A new exhibition at the Ben Uri Gallery highlights the work of the German Jewish émigré artist Dodo Burgner. Do not worry if you have not heard of her because the exhibition, which has come from the National Museum of Berlin, is the first ever show of her work to take place in the UK. Indeed, her name was unknown in the art world before 2009 when examples of her images came up at auction.
‘We’re a four- film- buff family. We watch films from Kazakhstan, from France, from Italy, as well as British and American films,” explains Odelia Haroush. She is one of the co-founders of SERET, the first-ever London Israeli Film & Television Festival, which opens next week.
When Letty Aronson was a little girl, her brother used her in his magic act. Not to pass the props or hold the rabbit, but to distract the audience’s attention from whatever the boy magician — one Allen Konigsberg — was doing.
Until last week, I had never given a five-star rating to any TV or radio programme. But Channel 4’s Homeland was a thriller of such quality, such impressive characterisation and complexity that I felt it merited the accolade.
After last year’s successful exhibition, Art House returns this year to the London Jewish Cultural Centre. Artists, whether amateur or professional, are invited to submit up to three works. The best of these will be displayed at the LJCC’s home at Ivy House in north London.
So, farewell then Adam Yauch. Dead of cancer at 47. Yauch, and his fellow Beastie Boys - Mike Diamond and Adam Horovitz - comprised one of the biggest rap groups ever. Along with mogul Rick Rubin, co-founder of Def Jam - label home of the Beasties, Run DMC, Jay-Z and Kanye West - they put Jews at the forefront of the genre in its early days.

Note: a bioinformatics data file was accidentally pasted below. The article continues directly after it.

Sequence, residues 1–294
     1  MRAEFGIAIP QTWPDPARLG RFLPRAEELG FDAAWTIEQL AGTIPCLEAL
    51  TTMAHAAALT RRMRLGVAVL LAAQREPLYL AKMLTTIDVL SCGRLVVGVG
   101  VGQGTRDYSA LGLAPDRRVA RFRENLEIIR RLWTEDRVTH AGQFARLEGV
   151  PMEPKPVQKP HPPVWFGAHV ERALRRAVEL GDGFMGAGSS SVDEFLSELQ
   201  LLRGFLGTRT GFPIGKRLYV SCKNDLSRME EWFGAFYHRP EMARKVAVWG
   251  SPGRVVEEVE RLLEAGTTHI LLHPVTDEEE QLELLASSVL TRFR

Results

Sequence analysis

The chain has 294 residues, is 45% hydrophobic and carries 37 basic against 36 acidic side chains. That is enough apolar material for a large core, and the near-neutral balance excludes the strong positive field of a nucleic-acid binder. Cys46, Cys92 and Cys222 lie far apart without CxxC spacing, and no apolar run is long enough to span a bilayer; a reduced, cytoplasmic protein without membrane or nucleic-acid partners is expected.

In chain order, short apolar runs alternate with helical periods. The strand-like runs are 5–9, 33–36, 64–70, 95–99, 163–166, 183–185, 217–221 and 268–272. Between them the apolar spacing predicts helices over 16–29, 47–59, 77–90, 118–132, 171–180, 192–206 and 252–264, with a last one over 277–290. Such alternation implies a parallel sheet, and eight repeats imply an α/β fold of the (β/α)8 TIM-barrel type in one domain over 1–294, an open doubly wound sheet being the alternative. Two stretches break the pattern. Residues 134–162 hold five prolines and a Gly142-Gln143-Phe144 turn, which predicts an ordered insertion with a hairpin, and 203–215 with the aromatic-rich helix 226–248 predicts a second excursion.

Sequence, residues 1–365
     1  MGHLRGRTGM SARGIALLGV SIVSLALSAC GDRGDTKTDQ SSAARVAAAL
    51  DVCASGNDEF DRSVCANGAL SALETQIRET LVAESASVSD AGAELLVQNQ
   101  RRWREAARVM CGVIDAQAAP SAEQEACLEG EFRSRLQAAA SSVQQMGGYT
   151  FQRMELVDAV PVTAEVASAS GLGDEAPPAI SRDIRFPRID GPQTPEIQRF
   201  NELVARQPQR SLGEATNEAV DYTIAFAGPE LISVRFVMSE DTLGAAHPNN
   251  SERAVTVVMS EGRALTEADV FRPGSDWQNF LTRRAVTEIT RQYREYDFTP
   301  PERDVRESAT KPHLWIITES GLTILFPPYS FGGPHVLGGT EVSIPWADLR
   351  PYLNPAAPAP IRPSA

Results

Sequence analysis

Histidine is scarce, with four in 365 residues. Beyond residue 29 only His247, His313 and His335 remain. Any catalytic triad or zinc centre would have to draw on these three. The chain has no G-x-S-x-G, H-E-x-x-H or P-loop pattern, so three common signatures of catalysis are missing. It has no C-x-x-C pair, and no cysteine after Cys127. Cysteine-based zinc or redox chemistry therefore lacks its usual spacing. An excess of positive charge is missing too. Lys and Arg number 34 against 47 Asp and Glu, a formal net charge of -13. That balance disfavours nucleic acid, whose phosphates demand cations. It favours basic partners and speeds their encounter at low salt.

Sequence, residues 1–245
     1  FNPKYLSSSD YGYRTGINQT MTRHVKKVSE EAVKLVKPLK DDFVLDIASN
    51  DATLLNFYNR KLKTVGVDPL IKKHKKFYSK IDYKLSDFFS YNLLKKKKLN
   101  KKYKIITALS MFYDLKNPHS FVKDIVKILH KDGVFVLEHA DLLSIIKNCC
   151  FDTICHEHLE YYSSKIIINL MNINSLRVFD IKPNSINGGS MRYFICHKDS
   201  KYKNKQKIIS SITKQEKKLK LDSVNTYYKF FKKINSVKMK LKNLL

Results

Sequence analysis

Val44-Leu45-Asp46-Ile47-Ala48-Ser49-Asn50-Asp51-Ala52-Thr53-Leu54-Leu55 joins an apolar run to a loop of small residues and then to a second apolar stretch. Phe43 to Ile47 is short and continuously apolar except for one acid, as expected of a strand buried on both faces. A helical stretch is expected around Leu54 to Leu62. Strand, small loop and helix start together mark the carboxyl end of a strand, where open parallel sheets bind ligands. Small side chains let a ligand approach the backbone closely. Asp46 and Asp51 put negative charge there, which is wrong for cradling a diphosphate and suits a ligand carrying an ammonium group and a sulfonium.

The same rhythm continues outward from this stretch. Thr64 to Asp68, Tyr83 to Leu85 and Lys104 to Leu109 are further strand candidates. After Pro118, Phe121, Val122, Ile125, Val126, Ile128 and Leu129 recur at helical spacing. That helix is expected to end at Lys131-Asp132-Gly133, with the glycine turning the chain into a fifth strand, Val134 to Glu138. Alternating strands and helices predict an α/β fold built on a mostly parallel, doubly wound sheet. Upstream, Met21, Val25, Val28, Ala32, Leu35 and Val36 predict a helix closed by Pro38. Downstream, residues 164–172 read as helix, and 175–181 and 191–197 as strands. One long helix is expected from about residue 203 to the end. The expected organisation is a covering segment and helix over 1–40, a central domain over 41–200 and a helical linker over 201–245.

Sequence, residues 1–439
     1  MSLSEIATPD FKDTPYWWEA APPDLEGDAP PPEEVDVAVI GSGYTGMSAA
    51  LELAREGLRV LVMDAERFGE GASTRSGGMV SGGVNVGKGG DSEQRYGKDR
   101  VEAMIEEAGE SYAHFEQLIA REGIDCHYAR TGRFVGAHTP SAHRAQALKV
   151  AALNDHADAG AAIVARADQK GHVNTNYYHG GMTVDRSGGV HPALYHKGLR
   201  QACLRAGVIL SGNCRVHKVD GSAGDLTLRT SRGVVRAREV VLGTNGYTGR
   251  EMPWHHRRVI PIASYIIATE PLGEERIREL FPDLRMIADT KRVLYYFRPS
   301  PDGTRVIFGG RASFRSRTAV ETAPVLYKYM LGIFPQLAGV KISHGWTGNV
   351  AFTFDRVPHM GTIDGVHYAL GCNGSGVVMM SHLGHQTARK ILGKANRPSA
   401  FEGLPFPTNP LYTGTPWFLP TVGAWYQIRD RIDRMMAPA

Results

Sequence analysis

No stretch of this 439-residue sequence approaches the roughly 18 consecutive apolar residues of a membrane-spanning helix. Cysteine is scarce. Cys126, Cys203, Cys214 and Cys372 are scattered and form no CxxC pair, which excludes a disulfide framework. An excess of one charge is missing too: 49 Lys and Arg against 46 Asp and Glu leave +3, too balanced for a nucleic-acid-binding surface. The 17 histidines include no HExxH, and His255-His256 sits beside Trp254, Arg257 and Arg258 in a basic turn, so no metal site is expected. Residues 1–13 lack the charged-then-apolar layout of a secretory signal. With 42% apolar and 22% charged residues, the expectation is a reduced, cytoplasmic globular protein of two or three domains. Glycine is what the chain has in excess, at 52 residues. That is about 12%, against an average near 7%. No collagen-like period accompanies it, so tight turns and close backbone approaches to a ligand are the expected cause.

My mother was Jewish. Her mother was Jewish. And her mother was Jewish. My father was Jewish. His mother was… and so on. Shouldn't this be enough to encourage me to think I'm Jewish? Orthodox Jewry wouldn't think so. Only those, say the Orthodox, who adhere to the prescribed rituals and laws of the Torah can claim the mantle of Jewishness.
When kibbutznik Arieh Sharon bought a book at Breslau train station on his way to architecture school in Berlin in 1925, it changed his life - and the architecture of Israel. For the book introduced Sharon to the new, radical Bauhaus philosophies of architect, Walter Gropius and artist Josef Albers, and inspired him to take the next train to their recently opened school in Dessau.
Britain is in the throes of a full-on love affair with all things Scandinavian, on television, film, and books. From The Killing to the just launched The Bridge, from The Girl With The Dragon Tattoo to the gore of author Jo Nesbo, it is simply cool to be - well, cool.
And now Nordic Noir has its very own Jewish hero, in the unlikely figure of a Finnish Jewish police detective, Ariel Kafka.